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Ceramic Art Lesson Plan: Mimbres Decoration Technique

Posted By Tracy P. Gamble On July 12, 2010 @ 5:00 am In College Level Ceramics Assignments,Education,Lesson Plans 9-12 | No Comments

Mimbres–style antelope bowls ranging from 3 to 9 inches in diameter, wheel-thrown, red earthenware, fired to cone 04.

Goals

 

  • Learn to paint figures and designs in the Mimbres style.
  • Research Mimbres designs on the internet by Googling “Mimbres designs.” You’ll find several sites with designs that will help you get started.
  • Research contemporary artists who reference Mimbres styles, including Diego Romero.
  • Translate your own ideas for decorative patterns using a combination of contemporary interpretations of Mimbres style images and majolica painting techniques.

 

History

 

The Mimbres people painted images in black on a white background, mostly on earthenware bowls. Very little beyond pottery has been recovered to learn more about these people, so making an interpretation of the Mimbres culture based on archaeological finds remains highly speculative.

 

What is agreed upon, however, is that, between 550 and 1150 C.E., they lived in a 46-mile-long valley in a southwest corner of New Mexico. With no known incidence of war, these peaceful village dwellers also farmed, hunted and foraged. What is also agreed upon is that they painted on pottery, creating images of human figures with rabbits, lizards, fish, antelopes and even bugs from their landscape. It is interesting that Europe was rife with violence, and war during the same period that the Mimbres were painting images that appear to reflect a very different world view.

 

Download a printer-friendly version of this ceramic art lesson plan here:
Mimbres Decoration Technique

 

Interpretations

 

The bowl form and antelope decoration of the vessels in the photographic examples shown here was inspired directly from an authentic Mimbres piece in the Eiteljorg Museum collection (in Indianapolis, Indiana). I drew an interpretation of the original antelope design, photocopied it and enlarged it to a size that best fit the vessel being glazed, then cut it out with an X-Acto knife.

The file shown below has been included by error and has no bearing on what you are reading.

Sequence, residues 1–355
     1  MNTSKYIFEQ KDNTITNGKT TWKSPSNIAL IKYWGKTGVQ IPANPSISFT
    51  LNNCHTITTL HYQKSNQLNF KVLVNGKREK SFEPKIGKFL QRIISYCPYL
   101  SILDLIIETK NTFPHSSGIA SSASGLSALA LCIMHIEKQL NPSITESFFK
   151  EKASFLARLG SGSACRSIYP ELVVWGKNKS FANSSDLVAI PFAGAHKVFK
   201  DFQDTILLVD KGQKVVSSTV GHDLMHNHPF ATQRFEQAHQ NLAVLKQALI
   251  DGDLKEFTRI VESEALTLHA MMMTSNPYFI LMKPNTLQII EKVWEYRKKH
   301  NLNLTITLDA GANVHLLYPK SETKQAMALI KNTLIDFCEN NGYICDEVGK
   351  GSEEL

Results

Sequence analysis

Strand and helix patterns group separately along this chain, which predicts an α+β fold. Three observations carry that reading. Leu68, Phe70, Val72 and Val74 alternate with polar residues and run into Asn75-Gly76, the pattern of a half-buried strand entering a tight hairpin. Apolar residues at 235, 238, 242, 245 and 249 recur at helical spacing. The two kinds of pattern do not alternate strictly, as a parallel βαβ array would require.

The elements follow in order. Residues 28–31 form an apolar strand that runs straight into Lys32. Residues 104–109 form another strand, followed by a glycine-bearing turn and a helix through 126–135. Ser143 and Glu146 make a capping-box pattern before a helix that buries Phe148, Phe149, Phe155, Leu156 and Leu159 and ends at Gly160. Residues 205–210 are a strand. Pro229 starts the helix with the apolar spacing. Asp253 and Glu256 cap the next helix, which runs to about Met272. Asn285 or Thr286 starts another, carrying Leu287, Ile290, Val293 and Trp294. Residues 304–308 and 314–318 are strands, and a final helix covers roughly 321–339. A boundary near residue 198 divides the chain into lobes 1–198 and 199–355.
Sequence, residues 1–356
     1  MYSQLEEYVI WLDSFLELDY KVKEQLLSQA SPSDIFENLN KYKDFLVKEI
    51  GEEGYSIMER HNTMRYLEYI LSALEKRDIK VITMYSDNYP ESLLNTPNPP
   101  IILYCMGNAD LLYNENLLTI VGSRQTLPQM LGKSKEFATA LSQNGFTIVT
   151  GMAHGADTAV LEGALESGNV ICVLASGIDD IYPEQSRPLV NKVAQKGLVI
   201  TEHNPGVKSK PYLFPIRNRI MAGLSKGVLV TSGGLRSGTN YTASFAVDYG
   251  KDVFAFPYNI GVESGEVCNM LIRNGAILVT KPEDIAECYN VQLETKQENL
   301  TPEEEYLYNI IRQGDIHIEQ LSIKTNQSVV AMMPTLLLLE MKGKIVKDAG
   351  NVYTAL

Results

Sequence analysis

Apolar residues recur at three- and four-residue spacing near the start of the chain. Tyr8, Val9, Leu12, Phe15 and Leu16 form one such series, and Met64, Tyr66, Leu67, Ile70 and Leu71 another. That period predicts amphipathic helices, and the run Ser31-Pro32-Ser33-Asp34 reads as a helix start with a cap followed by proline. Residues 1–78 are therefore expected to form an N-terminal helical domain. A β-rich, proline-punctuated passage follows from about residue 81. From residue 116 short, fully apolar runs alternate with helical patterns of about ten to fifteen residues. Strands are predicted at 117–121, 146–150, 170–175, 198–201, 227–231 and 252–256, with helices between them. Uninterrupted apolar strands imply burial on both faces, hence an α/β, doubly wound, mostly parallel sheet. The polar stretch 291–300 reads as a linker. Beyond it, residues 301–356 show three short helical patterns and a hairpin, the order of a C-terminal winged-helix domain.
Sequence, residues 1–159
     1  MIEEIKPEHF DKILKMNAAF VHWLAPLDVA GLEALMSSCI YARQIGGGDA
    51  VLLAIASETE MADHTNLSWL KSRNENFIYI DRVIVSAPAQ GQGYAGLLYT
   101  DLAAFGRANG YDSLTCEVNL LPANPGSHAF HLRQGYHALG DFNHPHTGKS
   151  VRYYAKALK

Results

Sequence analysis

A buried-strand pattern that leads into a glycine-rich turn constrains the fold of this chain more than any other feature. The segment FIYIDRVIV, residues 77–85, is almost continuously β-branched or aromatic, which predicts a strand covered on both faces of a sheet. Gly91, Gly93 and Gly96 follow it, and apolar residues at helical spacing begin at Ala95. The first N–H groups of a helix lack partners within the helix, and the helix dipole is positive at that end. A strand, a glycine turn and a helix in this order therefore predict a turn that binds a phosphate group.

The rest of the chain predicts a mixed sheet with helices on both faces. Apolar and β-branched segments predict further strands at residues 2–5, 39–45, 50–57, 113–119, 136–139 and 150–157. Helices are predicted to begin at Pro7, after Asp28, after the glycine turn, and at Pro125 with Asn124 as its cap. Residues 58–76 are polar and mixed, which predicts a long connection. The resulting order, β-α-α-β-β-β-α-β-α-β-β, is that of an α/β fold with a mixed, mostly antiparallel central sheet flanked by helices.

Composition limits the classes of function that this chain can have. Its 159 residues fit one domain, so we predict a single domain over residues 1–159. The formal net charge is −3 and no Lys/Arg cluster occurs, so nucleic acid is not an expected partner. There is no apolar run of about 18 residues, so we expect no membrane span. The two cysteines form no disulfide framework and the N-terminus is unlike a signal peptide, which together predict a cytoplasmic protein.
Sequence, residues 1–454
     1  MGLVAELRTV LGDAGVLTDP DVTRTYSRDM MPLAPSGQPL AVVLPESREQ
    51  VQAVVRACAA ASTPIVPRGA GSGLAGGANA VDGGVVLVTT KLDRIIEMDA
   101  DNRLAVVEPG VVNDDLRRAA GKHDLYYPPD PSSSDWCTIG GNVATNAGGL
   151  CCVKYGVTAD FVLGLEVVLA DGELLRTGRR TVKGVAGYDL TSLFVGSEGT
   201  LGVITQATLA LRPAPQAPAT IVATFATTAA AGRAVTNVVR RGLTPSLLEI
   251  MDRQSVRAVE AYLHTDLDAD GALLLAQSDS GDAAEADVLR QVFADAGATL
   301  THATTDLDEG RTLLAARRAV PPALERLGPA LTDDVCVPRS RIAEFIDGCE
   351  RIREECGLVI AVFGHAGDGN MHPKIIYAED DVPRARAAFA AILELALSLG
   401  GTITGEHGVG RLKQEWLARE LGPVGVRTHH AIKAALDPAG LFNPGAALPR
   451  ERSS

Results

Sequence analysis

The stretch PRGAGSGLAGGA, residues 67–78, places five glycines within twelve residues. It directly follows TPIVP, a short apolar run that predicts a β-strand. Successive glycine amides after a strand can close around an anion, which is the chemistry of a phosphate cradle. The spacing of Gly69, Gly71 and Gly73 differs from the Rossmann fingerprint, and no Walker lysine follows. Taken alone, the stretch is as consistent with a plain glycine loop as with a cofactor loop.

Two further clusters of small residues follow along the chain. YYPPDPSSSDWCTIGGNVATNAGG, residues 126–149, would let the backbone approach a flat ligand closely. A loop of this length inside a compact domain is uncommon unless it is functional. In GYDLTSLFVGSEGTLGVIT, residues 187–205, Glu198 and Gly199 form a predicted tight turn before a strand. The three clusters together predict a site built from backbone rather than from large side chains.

In my recent work, this Mimbres decorative style has progressed into more silhouette-type images from contemporary themes. For example, animal silhouettes—from dogs to chickens—as the main image on a vessel with Mimbres traditional rim designs are used. Think of ways that images that are meaningful to you can be incorporated into your designs, and make sketches of different variatios and possibilities in your sketchbook before committing one to the surface of a pot. Once you have a design you like, make several photocopies to work from, and save the original in your sketchbook.

 

Mimbres Surface Decoration

 

The Mimbres decoration is black on white, and historically was unglazed. To recreate the black and white style but incorporate glaze, do the following. After bisque firing earthenware clay to cone 03, paint on three coats of an opaque white matt glaze for the white base/background.